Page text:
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Last Updated: Friday, 6 June, 2003, 12:04 GMT 13:04 UK
New Bugbear beats its ancestor
Love bug arrives in e-mail inbox, AP
Few viruses are as easy to spot as this
The new variant of the Bugbear virus has spread faster than its ancestor and could do more damage.

In only 24 hours Bugbear.B has achieved what it took its ancestor three days to do.

Almost all anti-virus firms have issued a high-level warning about the pernicious program to reflect its virulence and the potential damage it could do.

Mail filtering firm MessageLabs says that, so far, it has stopped more than 115,000 copies of the virus.

Lethal payload

The virus is spreading so fast because it tries to spread and trick people into opening it via many different methods.

Anti-virus firms call such viruses "blended threats" because they roll into one package techniques that, until recently, were only found in individual viruses.

MessageLabs reports that the virus has infected machines in 159 countries.

Microsoft chairman Bill Gates, AP
A message supposedly from Bill Gates hid a virus
Anti-virus firm Symantec said that for a while the average number of copies of the virus submitted to it doubled every hour. About 75% of the submissions were coming from Europe.

Many people may have been caught because Bugbear.B exploits a bug in Microsoft Outlook that automatically opens e-mail attachments.

The virus also tries to make the messages it sends look innocent by inserting text stolen from documents on machines it has infected.

PC owners are being advised to update their anti-virus software and be suspicious of e-mail messages they were not expecting.

"Not only can Bugbear leach confidential information from an infected machine, but it may also leave a backdoor wide open for hackers to take control of the machine and misappropriate passwords, credit card details or for some other nefarious purpose," said Paul Wood, Chief Information Analyst at MessageLabs.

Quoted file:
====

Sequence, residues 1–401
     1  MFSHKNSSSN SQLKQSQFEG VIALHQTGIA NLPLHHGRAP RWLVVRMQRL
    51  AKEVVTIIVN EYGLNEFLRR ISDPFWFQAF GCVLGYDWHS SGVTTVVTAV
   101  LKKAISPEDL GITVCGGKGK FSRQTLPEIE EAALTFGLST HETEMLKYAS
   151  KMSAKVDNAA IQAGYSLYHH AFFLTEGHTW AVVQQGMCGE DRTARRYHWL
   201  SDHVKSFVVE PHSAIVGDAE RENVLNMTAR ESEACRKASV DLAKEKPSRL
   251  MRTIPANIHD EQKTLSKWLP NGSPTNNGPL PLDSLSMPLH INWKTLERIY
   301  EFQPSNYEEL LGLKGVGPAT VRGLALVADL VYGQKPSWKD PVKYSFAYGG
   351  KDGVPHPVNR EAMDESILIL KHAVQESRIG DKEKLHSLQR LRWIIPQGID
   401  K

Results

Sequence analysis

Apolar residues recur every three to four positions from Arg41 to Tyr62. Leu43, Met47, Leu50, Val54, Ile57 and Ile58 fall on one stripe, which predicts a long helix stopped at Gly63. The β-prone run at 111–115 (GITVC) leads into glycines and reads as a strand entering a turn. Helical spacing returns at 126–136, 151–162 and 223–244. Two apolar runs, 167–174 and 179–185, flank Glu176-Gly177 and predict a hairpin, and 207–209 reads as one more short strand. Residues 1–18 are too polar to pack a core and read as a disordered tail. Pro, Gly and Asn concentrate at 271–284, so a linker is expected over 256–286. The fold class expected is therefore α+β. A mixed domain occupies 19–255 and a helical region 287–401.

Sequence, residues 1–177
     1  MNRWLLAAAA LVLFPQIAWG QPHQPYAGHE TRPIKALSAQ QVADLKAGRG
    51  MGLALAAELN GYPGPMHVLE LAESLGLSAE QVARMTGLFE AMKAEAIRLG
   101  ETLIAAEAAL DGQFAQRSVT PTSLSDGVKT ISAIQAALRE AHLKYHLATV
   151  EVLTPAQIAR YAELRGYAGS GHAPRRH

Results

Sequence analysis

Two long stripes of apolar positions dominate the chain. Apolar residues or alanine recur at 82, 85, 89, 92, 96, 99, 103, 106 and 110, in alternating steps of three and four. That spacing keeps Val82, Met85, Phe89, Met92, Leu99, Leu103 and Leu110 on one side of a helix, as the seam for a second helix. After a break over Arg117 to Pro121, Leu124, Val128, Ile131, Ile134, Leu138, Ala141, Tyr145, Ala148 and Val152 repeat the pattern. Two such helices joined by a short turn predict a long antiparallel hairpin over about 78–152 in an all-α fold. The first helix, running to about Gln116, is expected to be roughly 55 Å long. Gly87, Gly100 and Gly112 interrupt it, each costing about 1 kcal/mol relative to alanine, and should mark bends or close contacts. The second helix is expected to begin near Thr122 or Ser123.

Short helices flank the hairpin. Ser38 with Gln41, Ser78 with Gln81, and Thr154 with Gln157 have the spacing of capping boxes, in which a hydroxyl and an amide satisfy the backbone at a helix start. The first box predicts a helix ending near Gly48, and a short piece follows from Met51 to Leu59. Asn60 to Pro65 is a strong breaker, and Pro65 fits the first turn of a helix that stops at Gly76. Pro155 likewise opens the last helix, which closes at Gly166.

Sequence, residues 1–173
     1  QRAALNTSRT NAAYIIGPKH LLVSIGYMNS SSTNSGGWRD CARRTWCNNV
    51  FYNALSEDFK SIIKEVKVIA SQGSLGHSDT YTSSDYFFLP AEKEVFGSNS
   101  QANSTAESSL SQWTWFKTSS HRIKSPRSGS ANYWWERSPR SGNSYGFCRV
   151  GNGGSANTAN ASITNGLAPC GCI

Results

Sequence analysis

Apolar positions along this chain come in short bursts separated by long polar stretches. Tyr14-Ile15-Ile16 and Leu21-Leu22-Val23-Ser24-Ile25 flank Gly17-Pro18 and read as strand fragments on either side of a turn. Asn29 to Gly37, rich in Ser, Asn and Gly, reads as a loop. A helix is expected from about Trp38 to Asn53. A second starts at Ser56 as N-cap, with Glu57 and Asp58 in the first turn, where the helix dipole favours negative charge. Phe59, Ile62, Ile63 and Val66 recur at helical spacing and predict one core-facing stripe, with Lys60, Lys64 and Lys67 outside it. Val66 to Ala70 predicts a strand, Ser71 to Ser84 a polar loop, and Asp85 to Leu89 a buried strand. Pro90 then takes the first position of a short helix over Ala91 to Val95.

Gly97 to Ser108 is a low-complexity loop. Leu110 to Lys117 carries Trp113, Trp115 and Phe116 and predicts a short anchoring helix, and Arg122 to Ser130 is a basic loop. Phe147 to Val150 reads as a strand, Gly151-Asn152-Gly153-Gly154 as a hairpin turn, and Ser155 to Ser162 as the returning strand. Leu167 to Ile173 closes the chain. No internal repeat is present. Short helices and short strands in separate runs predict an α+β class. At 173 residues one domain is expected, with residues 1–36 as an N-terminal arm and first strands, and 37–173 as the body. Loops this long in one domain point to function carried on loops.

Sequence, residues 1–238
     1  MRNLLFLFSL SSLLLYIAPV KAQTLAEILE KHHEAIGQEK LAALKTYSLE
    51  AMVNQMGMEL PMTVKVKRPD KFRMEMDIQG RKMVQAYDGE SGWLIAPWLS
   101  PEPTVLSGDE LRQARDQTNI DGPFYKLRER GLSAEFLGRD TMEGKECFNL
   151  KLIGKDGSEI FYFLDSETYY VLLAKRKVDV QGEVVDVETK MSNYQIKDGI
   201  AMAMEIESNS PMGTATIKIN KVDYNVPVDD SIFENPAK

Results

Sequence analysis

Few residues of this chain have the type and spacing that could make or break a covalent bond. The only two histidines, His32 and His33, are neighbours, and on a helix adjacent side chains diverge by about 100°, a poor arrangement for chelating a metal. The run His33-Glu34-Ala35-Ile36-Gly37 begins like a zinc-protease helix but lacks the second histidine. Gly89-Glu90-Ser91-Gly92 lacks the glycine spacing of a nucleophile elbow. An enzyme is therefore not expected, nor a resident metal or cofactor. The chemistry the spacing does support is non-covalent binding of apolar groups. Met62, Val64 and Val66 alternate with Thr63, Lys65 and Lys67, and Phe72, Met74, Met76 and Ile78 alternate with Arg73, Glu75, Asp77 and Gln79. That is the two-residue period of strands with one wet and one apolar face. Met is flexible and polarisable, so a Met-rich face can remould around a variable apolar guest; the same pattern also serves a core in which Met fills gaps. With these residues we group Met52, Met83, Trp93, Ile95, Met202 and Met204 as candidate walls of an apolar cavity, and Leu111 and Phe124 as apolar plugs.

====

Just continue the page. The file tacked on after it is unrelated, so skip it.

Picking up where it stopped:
Sneaky tactics

The virus itself arrives as an attachment but uses a lot of different names for the payload to make it harder to spot.

To lend itself credibility the virus uses document names stolen from an infected PC.

Your Gift
Your News Alert
free shipping!
Membership Confirmation
history screen
bad news
I need help about script!!!
However, because it uses a double suffix on the attachment filename, many anti-virus programs should be able to pick it out.

When it reaches a new victim, the virus searches for addresses to despatch itself to and also picks a random e-mail address for the 'from' line to cover its tracks. This also makes it difficult to find out where the virus came from.

The virus also tries to spread by copying itself to hard drives infected machines share with others.

Sometimes this results in network connected printers spewing out page after page of garbage.

In an attempt to stop itself being found and deleted, Bugbear.B looks for copies of well-known anti-virus packages and tries to turn them off.

Bugbear.B also tries to install a key logging program that records which keys a person presses.

The virus opens up a backdoor to the net that could let its creator take control of any infected machine.

In an attempt to avoid being spotted by anti-virus programs that look for particular signatures, Bugbear.B can reformat itself as it travels to new victims.

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08 Oct 02  |  Technology
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04 Oct 02  |  Technology
Bugbear virus threat increases
03 Oct 02  |  Technology
E-mail virus is bugbear for users
01 Oct 02  |  Technology
E-mail virus uses Bill Gates
02 Jun 03  |  Technology
Spammers and virus writers unite
30 Apr 03  |  Technology
Viruses bite businesses hard
29 Apr 03  |  Technology
Sneaky year for computer viruses
26 Dec 02  |  Technology

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